Prosperous Homesteading has been out for a little over a week now and has been selling extremely well. But based on the feedback so far, the concept of “homesteading,” as defined in this very practical book, needs to be better explained. Yes, you can register your house as a “homestead” to shield it from foreclosure or to lower your taxes; would you then be homesteading? No.
Homesteading is not a hobby, a business or an individual pursuit; it is the main activity of a family. It is an essential “lifehack”—a way to get around the strictures imposed on us by a crumbling society that is set in its ways and incapable of even considering absolutely essential changes. It is about insulating yourself and your family from the vagaries of a system that is running amok, and about regaining a viable future and peace of mind.
A little over a decade ago I stumbled on another lifehack: seasteading. We sold the house and the car, moved onto a sailboat and sailed off. This has allowed me to quit the corporate job and to devote the bulk of my time to doing research, writing and generally enjoying life. The sailboat, as a lifehack, has allowed my family to break out of the “iron triangle” of house—car—job by which much of the population is enslaved.
Although seasteading has allowed us to drastically reduce our expenses, and has given us a lot of options, as a solution it is incomplete: we still require an external income, and in a precarious economic environment such dependencies are not to be taken lightly. Homesteading solves this problem, by making the homestead produce everything the family needs, including the surplus wealth needed to maintain it and to buy the few things that have to be bought.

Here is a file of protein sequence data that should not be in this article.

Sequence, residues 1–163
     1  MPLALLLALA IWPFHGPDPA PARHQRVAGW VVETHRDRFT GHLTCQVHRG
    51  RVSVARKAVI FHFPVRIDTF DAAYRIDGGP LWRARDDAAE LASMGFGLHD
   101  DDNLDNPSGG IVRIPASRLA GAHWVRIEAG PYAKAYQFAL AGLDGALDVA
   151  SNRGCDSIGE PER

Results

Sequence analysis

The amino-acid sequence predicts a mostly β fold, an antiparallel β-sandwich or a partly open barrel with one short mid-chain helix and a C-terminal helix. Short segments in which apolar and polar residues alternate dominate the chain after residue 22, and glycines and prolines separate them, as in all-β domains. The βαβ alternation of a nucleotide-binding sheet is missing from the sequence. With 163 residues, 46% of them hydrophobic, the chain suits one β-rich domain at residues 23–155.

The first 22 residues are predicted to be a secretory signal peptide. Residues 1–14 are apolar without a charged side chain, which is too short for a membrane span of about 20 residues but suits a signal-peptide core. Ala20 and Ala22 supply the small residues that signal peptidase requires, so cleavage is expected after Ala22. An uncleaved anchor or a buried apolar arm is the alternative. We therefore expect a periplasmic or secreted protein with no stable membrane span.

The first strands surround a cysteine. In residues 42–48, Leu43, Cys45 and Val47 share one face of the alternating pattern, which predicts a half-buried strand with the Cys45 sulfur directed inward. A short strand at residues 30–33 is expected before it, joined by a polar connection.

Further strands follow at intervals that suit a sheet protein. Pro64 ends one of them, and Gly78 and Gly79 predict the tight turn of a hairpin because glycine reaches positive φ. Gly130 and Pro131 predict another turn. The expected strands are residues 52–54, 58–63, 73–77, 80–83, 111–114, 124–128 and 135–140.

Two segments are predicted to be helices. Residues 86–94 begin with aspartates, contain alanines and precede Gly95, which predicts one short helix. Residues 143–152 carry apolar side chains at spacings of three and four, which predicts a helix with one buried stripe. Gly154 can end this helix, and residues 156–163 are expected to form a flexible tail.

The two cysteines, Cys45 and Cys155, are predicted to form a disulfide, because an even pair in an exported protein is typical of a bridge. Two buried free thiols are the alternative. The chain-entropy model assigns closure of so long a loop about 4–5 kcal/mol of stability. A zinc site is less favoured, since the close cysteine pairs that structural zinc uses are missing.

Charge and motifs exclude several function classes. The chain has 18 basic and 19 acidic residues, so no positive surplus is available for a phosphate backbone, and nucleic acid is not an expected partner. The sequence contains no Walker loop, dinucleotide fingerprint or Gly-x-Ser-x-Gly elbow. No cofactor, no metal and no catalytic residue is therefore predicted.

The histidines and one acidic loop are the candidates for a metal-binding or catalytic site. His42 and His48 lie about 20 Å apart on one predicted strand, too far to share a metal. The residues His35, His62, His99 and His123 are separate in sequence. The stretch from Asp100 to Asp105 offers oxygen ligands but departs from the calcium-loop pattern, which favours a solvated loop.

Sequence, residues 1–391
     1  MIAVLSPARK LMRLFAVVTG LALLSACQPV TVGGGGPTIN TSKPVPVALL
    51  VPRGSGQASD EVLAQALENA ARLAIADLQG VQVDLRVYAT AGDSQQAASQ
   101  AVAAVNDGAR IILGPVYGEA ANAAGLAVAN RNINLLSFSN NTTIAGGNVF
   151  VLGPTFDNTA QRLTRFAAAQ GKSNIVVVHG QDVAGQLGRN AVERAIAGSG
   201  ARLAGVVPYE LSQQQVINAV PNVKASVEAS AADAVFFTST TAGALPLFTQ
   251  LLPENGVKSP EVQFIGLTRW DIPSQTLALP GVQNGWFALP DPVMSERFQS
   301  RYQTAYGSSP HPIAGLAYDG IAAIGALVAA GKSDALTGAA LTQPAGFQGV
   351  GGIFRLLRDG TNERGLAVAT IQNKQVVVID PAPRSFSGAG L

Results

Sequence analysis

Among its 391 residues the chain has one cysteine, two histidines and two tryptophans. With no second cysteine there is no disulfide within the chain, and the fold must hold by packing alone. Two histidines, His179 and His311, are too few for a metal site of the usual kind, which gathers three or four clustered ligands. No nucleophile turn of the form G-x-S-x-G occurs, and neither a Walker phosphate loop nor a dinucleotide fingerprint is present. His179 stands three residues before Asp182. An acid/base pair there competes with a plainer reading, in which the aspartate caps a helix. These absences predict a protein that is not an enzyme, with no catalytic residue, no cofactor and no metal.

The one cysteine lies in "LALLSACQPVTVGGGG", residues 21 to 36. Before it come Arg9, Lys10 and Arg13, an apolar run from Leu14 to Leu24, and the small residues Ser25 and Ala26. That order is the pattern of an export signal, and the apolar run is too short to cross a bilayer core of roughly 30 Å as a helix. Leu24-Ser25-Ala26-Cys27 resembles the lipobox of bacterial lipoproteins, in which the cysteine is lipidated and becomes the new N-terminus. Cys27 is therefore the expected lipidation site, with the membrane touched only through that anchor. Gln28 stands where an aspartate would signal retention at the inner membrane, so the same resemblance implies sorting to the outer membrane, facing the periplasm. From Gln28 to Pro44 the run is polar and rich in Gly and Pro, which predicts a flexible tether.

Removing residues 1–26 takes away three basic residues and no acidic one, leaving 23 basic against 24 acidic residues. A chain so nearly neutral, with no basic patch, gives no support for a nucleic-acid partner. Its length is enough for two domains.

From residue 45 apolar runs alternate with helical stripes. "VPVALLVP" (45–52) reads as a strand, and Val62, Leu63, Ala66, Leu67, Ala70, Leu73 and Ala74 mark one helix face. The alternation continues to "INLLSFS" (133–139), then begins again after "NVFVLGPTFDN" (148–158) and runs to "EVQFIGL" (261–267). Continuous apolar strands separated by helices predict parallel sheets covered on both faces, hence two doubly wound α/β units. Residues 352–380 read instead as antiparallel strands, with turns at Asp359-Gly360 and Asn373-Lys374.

So, what is “homesteading”? It is most certainly not gardening. Most people who garden still shop for food, while prosperous homesteaders grow everything they eat with the exception of those things that can be purchased in bulk much more cheaply than they can grow them, such as grains (to be milled on the homestead as needed, because stockpiling flour doesn’t work), and items that the homestead cannot produce, such as salt and spare parts. Other exceptions include luxuries such as olive oil, coffee and tea.
Homesteading is not farming, because farmers generally produce some number of cash crops that they sell instead of concentrating on producing everything they use and cutting out shopping for food. Farming is a highly regulated activity; homesteading is hardly regulated at all. It is possible to operate a business from a homestead (and this is often a good idea); but it is a terrible idea to treat a homestead as a business.
So, what is homesteading? It is the activity of finding and slashing every umbilical cord that binds you to the outside, debt-based economy. It is the process of eliminating just about every expense by making the homestead provide food, water, fuel and, last but not least, capital. It is the accumulation of capital, in the form of farmland and livestock, that allows a homestead to pass the homesteading legacy on to the future generations—to the children born on the homestead.
To prosper as a homesteading family, expenditures must be redirected from things that don’t produce and don’t last to things that do. Bills for cable television, mortgage, insurance, fossil fuels and numerous labor-saving devices, comforts and luxuries are eliminated outright. Electric and water bills are either pared down or eliminated (depending on the local situation). Expenses for nonproductive assets, such as shelter (a.k.a. the house) are slashed. Instead, money is redirected toward productive assets: land, livestock, tools and implements.
Some people who commented on last week’s announcement have asked a reasonable question: What about community? Yes, community is very important, and it was precisely the presence of the surrounding community of prosperous homesteaders that has allowed Jeffers and his family to find a way to prosper as well. Thus it can be said that a prosperous homestead requires prosperous homesteading neighbors. Strong families make strong communities. To survive, communities must be intergenerational and make an explicit goal of providing for their children. In essence, a homesteading community is nothing more than the extended family.